I was provided this book  by WaterBrook Press in exchange for an honest review.
(Revision from 8/22/2011)

A Delightful Book!

Where Lilacs Still Bloom, by Jane Kirkpatrick, is a wonderful book of fiction based on the life of Hulda Klager.
Hulda was born in 1863 and came to America with her family when she was two.  With only an eighth grade education she was able to turn her love of hybridizing and lilacs into a rich legacy by creating over 250 new varieties of lilacs.
Her father encouraged her in her experiments and cautioned her that not everyone would think what she did was a respectable or moral thing.  Indeed Hulda, herself, sometimes felt guilt that was induced by others, at what some perceived as tampering with nature.
In her 96 years of living, Hulda faced many, many heartaches and losses and even overcame a bout of major depression to triumph over most of the hardships.
Jane Kirkpatrick does a masterful job of integrating composite characters with real people allowing the reader to get to know Hulda, her family, and her hybridizing experiments even better.
The book is very inspirational and exciting. During the course of reading, I found that Hulda’s gardens have been restored and are still available for viewing.  I’ve decided, because of my love for lilacs, that I want to visit her gardens sometime soon.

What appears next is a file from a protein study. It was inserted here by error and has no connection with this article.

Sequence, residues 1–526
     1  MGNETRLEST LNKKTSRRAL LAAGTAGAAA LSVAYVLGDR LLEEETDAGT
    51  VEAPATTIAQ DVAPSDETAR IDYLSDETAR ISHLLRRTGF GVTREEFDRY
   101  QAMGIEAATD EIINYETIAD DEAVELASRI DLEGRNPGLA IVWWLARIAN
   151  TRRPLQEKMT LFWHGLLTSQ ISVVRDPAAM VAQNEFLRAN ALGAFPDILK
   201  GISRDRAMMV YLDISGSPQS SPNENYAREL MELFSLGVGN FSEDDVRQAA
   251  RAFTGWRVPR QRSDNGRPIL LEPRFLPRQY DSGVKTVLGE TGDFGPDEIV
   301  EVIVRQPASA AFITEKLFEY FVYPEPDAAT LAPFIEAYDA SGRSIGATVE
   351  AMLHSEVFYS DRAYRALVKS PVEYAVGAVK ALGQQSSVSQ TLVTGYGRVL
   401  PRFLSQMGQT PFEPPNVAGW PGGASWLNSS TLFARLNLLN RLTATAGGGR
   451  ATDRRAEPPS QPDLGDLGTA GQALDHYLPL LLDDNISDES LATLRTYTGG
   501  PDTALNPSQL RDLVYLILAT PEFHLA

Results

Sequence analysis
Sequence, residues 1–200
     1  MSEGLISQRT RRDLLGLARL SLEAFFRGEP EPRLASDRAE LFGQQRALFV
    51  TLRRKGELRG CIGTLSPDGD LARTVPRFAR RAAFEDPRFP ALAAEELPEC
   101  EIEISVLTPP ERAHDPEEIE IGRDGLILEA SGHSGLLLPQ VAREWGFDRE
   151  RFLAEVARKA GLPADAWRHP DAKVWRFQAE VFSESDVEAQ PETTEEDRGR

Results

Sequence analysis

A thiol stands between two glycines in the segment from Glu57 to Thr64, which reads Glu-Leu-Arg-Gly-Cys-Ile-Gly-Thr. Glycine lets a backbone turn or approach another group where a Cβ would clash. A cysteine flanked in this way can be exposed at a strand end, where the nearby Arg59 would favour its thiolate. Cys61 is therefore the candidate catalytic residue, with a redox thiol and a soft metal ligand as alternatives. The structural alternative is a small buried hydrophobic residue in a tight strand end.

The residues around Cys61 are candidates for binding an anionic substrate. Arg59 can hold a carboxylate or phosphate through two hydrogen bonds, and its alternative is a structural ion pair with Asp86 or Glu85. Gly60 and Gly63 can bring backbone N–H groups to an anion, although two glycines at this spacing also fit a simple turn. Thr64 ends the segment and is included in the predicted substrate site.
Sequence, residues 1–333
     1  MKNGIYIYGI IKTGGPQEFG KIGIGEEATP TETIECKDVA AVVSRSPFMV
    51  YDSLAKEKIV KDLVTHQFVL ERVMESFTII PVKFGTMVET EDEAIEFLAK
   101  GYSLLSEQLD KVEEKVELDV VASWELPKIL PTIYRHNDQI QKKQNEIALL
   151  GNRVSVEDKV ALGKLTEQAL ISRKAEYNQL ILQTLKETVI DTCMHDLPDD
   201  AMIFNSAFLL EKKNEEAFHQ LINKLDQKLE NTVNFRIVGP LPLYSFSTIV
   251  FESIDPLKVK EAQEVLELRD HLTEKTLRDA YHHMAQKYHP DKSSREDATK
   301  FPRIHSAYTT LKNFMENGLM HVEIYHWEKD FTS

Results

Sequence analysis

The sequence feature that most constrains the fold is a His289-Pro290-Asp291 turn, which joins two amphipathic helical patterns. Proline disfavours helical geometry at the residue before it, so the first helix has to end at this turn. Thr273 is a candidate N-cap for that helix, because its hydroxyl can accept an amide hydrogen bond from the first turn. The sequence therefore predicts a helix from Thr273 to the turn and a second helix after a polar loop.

This book was provided for me by Waterbrook Multnomah in exchange for an unbiased review.

Interesting and enlightening book

The Daughter’s Walk by Jane Kirkpatrick is an historical novel based on very limited information available on Helga and Clara Estby’s walk across America but more particularly about Clara and her years of estrangement from her family.
In 1896, a time in America when women were still considered to be little more than possessions and not allowed a voice or the vote, Helga Estby in effect forced her daughter Clara, age 19, to go on a cross-country walk. Neither Clara nor Helga’s husband wanted the walk to happen and as a direct result of the walk there followed a 20-year estrangement from Clara and her family.
The walk was to occur over a period of seven months time, during which time they were to wear a new reform dress. Their walk was sponsored by makers of the dress in the hopes of proving women had stamina and how the dress allowed them freedom in their busy lives. In return, Helga would receive $10,000 from the sponsors, money desperately needed to save the Estby’s home.
Jane Kirkpatrick has done a wonderful job of piecing together a story from little to work with. Her portrayal of the two women’s walk, from Spokane, Washington to New York City, (a span of 3500 miles) and then their return home, is written in such a way that you feel you are there with them.
Her conjecture on Clara’s life is a delightfully written intertwined story based on her research and impressive imagination.
The ending left a little to be desired, but I credit that to the lack of information and not the author’s talent.
The Daughter’s Walk is in one of my favorite genres; historical fiction. I especially like when there is Biblical application included. That being said; I was disappointed there wasn’t more Biblical relevance introduced in the book.
I was provided this book  by WaterBrook Press in exchange for an honest review